A covered employer must make a written offer to a laid-off employee of any position that becomes available after September 8, 2020, for which the employee is qualified. The employer must mail the offer, and must also email and text the offer if it has the employee's information. The employee must be provided with at least three business days to accept or decline the offer.

If the employer declines to rehire a laid-off employee due to a lack of qualifications and hires someone else, it must notify the employee in writing of the reasons for its decision within 30 days.

Retention rights. The retention provisions apply to commercial property employers and hotel employers.

Eligible employees are those who worked for an incumbent business employer for at least six months and who worked on or after March 4, 2020, and prior to the execution of a transfer document changing control of the business to a successor business employer.

The incumbent or successor employer must, within five business days after executing the transfer document, conspicuously post a written notice of the change in control where employees and applicants can see it. This notice must remain posted for six months after the business is open to the public under the successor business employer.

Within 15 days after executing the transfer document, the incumbent business employer must provide the successor business employer with each eligible employee's name, address, date of hire and job classification. The successor business employer must hire from this list of workers beginning upon the execution of the transfer document and continuing for six months after the business is open to the public under the successor business employer.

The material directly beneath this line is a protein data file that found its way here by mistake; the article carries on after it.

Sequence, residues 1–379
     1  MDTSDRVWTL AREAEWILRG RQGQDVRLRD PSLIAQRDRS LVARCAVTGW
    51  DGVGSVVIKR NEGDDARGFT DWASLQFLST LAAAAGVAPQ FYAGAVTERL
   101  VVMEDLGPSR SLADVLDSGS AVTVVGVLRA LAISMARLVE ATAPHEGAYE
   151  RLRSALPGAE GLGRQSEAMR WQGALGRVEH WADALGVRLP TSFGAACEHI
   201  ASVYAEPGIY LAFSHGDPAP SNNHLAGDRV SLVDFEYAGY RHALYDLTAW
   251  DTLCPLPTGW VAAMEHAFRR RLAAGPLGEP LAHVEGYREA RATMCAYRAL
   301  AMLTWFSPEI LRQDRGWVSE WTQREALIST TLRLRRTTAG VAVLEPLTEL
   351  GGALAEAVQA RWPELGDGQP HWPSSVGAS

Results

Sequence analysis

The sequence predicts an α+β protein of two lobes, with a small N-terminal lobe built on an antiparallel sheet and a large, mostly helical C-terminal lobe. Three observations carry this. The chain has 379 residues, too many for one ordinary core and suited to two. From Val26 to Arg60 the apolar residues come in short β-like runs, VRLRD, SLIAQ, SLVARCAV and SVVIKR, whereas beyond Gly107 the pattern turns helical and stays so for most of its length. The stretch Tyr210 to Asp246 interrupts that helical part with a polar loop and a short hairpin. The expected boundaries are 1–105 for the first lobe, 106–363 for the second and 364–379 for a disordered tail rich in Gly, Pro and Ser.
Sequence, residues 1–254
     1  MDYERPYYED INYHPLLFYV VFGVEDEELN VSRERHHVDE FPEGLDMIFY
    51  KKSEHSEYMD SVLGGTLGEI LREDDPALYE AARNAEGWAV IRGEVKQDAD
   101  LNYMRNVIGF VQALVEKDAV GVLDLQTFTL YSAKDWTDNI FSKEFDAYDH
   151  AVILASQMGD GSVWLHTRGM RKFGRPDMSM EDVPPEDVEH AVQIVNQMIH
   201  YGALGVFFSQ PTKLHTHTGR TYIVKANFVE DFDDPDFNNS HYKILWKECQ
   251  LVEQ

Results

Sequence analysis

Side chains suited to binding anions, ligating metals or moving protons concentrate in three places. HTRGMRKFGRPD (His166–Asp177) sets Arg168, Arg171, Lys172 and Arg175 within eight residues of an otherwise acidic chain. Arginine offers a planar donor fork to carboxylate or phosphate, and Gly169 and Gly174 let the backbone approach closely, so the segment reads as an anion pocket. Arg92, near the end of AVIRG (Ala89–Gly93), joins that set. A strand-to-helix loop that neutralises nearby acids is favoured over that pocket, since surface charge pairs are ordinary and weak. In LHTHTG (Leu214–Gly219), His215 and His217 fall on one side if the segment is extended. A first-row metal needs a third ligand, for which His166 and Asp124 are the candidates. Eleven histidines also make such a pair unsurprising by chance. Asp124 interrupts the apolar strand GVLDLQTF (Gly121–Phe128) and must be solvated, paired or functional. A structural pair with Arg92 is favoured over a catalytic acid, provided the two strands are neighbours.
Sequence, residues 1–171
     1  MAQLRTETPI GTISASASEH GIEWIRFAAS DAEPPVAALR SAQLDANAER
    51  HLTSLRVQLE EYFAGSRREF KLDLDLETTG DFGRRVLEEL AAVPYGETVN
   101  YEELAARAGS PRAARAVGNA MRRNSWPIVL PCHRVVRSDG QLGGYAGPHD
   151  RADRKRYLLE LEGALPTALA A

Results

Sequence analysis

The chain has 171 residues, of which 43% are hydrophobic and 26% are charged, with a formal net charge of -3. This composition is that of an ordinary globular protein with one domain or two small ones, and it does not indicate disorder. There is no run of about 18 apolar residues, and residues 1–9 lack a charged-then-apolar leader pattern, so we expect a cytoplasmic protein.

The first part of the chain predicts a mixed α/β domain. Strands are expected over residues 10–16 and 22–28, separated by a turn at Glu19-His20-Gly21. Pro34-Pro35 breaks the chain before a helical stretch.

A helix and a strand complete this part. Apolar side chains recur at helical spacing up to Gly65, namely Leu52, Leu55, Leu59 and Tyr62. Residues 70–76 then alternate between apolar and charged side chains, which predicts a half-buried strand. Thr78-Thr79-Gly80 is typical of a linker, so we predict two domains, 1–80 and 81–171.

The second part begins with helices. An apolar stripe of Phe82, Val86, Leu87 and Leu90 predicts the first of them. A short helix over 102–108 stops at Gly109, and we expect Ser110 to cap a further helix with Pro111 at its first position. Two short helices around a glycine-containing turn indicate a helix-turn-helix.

Employees hired under the ordinance must be retained for at least 90 days and may not be terminated without cause during the 90-day period. The successor business employer must provide written performance evaluations at the end of the 90-day period, and consider offering continued employment to workers with satisfactory performance.

For more information on this ordinance, see Coronavirus (COVID-19): Furloughs and Temporary Layoffs.

San Francisco

San Francisco passed the Back to Work Emergency Ordinance, effective July 3, 2020. The ordinance applies to for-profit and non-profit employers in San Francisco, beginning on or after February 25, 2020, that employed or employs 100 or more employees as of the earliest date that the employer separated or separates one or more employees that subsequently resulted or results in a layoff. The ordinance does not apply to public agencies and employers in the health care industry.